Market News Are grinding machine safety guards overdesigned?
Guards on grinding machines are particularly important for ensuring operator safety. Recent studies suggest, however, that the enclosures commonly used in gear grinding machines could be overdesigned.
Investigations conducted e.g. by the VDW (Verein Deutscher Werkzeugmaschinenfabriken – German Machine Tool Builders' Association) and the Institute of Machine Tools and Factory Management (IWF) at TU Berlin reveal that it is possible to use safety guards which are up to 70 % thinner, depending on the width of the grinding wheel. These findings are now leading to changes in ISO standardisation. The minimum wall thicknesses for safety guards are specified in ISO Standard 16089 “Machine tools - Safety - Stationary grinding machines”. For example, there is a directly proportionate link between the requirements concerning primary protective covers for gear grinding machines and those for the full enclosures located further away. The reason for this is that no specific safety precautions were initially specified for the safety guards of gear grinding machines (which do not normally have a primary protective cover). This is because the preceding standard, EN 13218 "Safety of machine tools - Stationary grinding machines", did not explicitly include gear grinding machines. But this proportionate scaling has been repeatedly questioned, including by the Japanese association JMTBA, because it results in overdesigned polycarbonate safety guards and screens.
The member companies of VDW Working Group 5 therefore concluded that new specification tables were required for the full enclosures of stationary grinding machines. A two-year project was thus launched by the IWF (TU Berlin) in 2012 to develop the necessary test equipment. “The ensuing burst and impact tests showed that the thickness of the enclosure wall can be reduced by up to 70 %, depending on the width of the grinding wheel,” explains Simon Thom, group leader for machine tool technology at IWF (TU Berlin). “This is very good news for the machine tool manufacturers, who are keen to avoid excess weight in their machines. Reducing the thickness of a sheet steel housing by half a millimetre, for example, will save 4 kg/m2 in weight.”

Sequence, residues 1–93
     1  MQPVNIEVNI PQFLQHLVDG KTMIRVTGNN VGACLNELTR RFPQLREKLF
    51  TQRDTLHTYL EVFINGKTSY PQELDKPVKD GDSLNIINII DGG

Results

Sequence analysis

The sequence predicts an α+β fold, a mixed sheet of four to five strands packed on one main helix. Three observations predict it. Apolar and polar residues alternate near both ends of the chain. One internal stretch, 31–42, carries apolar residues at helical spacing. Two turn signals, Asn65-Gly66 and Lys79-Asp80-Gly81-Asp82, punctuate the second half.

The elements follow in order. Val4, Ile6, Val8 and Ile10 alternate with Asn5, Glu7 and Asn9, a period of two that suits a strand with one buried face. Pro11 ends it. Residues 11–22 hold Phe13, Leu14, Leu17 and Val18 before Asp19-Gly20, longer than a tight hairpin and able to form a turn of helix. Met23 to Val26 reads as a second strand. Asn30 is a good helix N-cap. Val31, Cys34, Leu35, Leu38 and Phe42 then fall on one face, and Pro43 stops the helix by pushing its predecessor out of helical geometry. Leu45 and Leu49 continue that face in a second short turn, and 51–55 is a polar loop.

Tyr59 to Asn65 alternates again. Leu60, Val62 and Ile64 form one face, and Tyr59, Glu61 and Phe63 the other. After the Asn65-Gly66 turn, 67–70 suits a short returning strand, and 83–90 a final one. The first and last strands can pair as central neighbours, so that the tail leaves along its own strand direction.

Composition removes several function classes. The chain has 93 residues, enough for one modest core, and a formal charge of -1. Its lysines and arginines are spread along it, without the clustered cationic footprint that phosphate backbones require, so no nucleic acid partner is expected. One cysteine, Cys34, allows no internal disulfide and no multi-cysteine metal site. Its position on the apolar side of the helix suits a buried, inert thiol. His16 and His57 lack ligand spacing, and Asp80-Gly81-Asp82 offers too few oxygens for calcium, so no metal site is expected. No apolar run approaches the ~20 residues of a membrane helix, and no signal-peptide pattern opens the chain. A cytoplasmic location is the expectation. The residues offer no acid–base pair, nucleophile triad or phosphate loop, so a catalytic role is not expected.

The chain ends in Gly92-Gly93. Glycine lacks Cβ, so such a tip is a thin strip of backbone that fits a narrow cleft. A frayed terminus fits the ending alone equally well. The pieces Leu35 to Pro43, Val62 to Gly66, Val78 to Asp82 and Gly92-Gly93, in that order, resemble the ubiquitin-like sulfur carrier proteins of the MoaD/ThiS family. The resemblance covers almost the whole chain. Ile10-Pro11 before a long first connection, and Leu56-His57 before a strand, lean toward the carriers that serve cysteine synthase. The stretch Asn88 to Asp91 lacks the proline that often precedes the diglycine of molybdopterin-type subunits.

It is not only the industrial companies and the scientists who agree that guards are overdesigned in such machines. The DGVU (German Statutory Accident Insurance System) based in St. Augustin and the BGHM trade association in Hanover also carried out similar tests on a burst test stand — with comparable results. The burst tests were conducted over eight years. Then, at the end of 2019, the BGHM presented its report covering a total of over 400 burst grinding wheels and more than 800 usable impact events. Based on this, a safe design convention stipulating 3 mm for sheet steel with different grinding wheel widths was drawn up in conjunction with the VDW.
Finally, in January 2020, a standardisation meeting was held in Tokyo, where the Japanese and German findings were compared. The experts agreed that the Japanese results for adapting the specification tables for the primary protective cover, and the German results for the design of the full enclosure should be incorporated into the ISO standard. A consolidated working paper will soon be prepared by the ISO Secretariat at DIN in Berlin and submitted to the relevant public as a so-called “Committee Draft” for comments. This is scheduled for completion by October 2020.